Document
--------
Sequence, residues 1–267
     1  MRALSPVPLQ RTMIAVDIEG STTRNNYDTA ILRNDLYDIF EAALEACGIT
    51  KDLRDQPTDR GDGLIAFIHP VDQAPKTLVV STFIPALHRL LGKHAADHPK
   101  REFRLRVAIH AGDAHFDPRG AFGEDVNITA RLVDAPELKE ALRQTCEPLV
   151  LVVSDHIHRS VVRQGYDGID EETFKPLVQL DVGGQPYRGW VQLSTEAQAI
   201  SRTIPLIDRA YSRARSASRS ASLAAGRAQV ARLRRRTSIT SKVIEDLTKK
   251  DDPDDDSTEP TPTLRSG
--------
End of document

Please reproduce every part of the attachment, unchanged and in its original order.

Sequence, residues 1–267
     1  MRALSPVPLQ RTMIAVDIEG STTRNNYDTA ILRNDLYDIF EAALEACGIT
    51  KDLRDQPTDR GDGLIAFIHP VDQAPKTLVV STFIPALHRL LGKHAADHPK
   101  REFRLRVAIH AGDAHFDPRG AFGEDVNITA RLVDAPELKE ALRQTCEPLV
   151  LVVSDHIHRS VVRQGYDGID EETFKPLVQL DVGGQPYRGW VQLSTEAQAI
   201  SRTIPLIDRA YSRARSASRS ASLAAGRAQV ARLRRRTSIT SKVIEDLTKK
   251  DDPDDDSTEP TPTLRSG